A clever story which is both simple and deep, rooted in the real world yet semi-hallucinatory to boot, "Suzhou River" starts life with the always unseen narrator - a central figure in the plot - who is a video cameraman with a habit of spray painting his phone number on bridges and street corners. He gets to make the most meagre living from filming birthday parties and weddings and so, with lots of time on his hands, he fantasises about the folk sailing down or walking by the eponymous river. He only becomes animated when seeing, thinking about, or filming his pretty young girlfriend who performs a club act decked out as a mermaid. One day a motorcycle courier, just released from jail for kidnapping his own girlfriend, talks to the cameraman about her. Can both girlfriends be one and the same? Or are there two identical girls running around Shanghai?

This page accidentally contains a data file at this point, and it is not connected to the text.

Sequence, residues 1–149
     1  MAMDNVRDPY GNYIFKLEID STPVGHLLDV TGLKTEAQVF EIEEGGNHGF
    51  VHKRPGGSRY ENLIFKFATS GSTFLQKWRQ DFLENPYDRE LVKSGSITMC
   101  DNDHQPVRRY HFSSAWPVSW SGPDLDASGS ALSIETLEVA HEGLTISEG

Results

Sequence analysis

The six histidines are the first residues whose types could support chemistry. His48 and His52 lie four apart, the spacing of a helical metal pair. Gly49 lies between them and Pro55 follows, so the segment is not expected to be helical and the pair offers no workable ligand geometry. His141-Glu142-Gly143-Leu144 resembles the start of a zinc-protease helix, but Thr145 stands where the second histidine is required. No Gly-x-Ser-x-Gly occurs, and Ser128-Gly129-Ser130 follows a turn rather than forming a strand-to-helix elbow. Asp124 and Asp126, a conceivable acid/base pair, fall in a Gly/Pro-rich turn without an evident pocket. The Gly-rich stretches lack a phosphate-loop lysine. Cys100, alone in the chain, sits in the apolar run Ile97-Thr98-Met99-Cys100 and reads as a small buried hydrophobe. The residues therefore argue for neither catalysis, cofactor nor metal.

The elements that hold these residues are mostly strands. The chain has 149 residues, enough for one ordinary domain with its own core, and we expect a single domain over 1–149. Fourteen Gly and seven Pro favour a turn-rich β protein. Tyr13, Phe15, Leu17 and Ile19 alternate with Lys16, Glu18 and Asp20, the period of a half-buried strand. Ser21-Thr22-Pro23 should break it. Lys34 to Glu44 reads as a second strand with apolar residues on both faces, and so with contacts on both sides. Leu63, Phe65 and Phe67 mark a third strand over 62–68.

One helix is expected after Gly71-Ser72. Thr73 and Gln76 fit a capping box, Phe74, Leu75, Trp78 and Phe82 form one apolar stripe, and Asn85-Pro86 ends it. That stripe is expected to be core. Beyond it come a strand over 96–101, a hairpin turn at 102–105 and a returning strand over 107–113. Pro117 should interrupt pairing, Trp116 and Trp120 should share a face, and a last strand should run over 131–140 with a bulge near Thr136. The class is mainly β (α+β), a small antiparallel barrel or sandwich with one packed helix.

This is a strong but gentle film about identity, neediness, and desire, as well as our ability to re-invent the world to suit ourselves. Shanghai-born director Lou Ye, who has only his graduation film and a television series behind him, has originality and ability in equal measure, and he balances his film between lengthy tracking shots of the river - to create dream-like imagery - and hand held camera work to stress the busy streets of Shanghai and the daily life of the courier. Through individuals who don't say very much at all (if the courier comes out with three words he's being verbose), the director also sustains the ambiguity of character and situation. Lou Ye has created a polished tale of mystery and imagination, leaving it to himself to supply the mystery, and us the imagination.